Most parents of toddlers are too busy trying to reign in the tantrums, to pay much attention to the impression their little ones are making on the world.
But just in case you were keen to raise a posh tot with impeccable manners, Tatler has produced an etiquette guide designed with minis in mind.
Featured in their latest issue, ‘the Tatler guide to toddler etiquette’ provides a tongue-in-cheek run down on helping your little one lead a highbrow life.
Explaining that the advice isn’t about parenting but toddler etiquette, the guide says: “To be clear (before the complaints pour in), this is about toddler etiquette. Not about parenting. Not about allowing them to grow like saplings in myriad beautiful and compelling (to you, at least) ways.”
“Not about showing them boundaries without compromising their human rights,” it continues. “Not about role modelling or unconditional love. It’s about etiquette, which is a customary code of behaviour when among other people.”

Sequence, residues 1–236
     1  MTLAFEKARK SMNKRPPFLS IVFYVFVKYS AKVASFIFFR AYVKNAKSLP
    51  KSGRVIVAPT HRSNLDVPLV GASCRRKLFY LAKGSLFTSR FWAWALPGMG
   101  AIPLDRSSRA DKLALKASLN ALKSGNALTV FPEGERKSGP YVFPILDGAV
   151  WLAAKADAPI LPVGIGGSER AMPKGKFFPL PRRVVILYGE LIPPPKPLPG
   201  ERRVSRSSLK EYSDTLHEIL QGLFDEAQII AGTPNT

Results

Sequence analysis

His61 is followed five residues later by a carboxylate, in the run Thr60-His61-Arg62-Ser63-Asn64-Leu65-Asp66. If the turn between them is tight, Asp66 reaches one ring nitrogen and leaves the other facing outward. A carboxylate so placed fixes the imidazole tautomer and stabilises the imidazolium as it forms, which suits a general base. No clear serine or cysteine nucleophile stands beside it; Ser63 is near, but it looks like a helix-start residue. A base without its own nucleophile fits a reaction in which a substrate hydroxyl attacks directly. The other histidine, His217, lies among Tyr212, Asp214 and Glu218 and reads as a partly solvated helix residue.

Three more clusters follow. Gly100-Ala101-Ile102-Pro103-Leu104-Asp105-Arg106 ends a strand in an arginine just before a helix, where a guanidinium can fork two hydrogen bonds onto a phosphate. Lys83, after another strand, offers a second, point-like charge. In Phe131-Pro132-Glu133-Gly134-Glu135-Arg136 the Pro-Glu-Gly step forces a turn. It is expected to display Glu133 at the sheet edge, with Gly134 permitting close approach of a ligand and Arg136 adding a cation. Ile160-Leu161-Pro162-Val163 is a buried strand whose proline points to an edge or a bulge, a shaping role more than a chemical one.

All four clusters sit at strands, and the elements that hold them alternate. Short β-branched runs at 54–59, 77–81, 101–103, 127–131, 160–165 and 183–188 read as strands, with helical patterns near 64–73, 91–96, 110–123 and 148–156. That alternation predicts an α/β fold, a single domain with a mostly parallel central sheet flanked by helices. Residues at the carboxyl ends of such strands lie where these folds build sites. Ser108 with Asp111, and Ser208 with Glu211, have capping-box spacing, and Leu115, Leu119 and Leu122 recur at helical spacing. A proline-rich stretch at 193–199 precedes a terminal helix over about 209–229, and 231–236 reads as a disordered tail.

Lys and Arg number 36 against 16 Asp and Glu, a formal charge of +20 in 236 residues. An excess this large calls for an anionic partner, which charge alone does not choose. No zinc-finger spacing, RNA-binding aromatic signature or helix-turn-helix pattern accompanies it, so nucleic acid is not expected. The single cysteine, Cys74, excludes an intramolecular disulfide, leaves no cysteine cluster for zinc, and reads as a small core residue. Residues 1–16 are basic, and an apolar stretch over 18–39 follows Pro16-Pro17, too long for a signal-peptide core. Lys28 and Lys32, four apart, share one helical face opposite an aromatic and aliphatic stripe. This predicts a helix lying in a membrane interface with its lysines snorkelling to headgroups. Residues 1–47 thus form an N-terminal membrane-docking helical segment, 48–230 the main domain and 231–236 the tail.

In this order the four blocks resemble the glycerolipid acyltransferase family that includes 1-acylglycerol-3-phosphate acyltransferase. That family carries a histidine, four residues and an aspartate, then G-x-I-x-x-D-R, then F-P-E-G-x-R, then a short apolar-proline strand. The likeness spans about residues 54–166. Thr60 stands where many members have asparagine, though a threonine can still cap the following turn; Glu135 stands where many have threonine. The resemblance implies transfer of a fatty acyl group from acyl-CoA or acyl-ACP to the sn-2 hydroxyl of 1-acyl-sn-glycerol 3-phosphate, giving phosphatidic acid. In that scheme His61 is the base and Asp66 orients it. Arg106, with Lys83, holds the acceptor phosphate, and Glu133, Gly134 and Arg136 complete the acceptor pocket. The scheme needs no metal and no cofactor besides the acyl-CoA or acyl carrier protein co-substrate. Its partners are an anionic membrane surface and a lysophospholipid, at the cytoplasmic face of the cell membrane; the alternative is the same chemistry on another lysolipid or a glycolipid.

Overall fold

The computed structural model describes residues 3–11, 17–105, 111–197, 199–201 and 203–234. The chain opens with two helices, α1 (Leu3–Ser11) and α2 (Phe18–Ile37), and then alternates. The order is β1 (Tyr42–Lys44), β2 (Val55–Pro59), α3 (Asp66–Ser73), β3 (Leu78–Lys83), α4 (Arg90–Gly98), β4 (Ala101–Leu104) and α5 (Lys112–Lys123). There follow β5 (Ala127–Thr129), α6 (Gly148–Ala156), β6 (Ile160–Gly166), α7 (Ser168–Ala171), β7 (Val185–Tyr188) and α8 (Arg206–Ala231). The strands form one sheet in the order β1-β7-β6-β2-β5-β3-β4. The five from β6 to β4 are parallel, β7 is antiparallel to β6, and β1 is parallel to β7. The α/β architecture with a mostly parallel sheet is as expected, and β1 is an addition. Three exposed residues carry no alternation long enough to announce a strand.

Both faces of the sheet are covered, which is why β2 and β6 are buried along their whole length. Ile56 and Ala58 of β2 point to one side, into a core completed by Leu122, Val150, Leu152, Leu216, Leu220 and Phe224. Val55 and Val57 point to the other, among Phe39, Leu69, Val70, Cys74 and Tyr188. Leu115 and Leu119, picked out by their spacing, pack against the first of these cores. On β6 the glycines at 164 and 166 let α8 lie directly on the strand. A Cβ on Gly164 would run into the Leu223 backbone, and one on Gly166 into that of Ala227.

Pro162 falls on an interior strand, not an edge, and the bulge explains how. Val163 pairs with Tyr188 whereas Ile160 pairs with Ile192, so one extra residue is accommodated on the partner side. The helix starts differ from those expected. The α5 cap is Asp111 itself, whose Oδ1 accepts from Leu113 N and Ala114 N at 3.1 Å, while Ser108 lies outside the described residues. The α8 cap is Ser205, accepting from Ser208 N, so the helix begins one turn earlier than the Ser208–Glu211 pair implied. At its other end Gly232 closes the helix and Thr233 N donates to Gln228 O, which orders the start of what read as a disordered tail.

Divided into how toddlers should behave among their peers and how they should act around adults, advice in the guide ranges from acknowledging that your child will sometimes be an a**ehole and to “be nice” until they grow out of it, to managing a wardrobe crisis by letting the host child have their pick of the fancy dress box.
“Would you let a complete stranger snatch your most treasured possession just to prove you are big-hearted?” the guide asks.
Other toddler titbits include keeping a strict bedtime routine because “toddlers (unlike Mediterranean ones, who seem to be able to handle evenings) are like vampires – they become unpleasant after dark” and removing loud children from the situation because they are “ruining everything for everyone.”
When it comes to toddler don’ts, the guide advises against letting children share their food, taking too many photos of a child in front of others and leaving it too long to take your child to the toilet.
“It’s insane to let a newly potty-trained maniac sit on anything that may be hard to clean. Or valuable. Or antique,” the guide states. “It is your job to drag them to the loo at oppressively short intervals.”
But the guide does encourage parents to bust some moves with their tots, as long as it doesn’t attract too much attention, of course.
To round up their dos and don’ts of toddler etiquette, the Tatler guide has a vital reminder to parents to know your audience “Many people love children. Some people don’t,” it states.
“Always worth remembering that, don’t you think?
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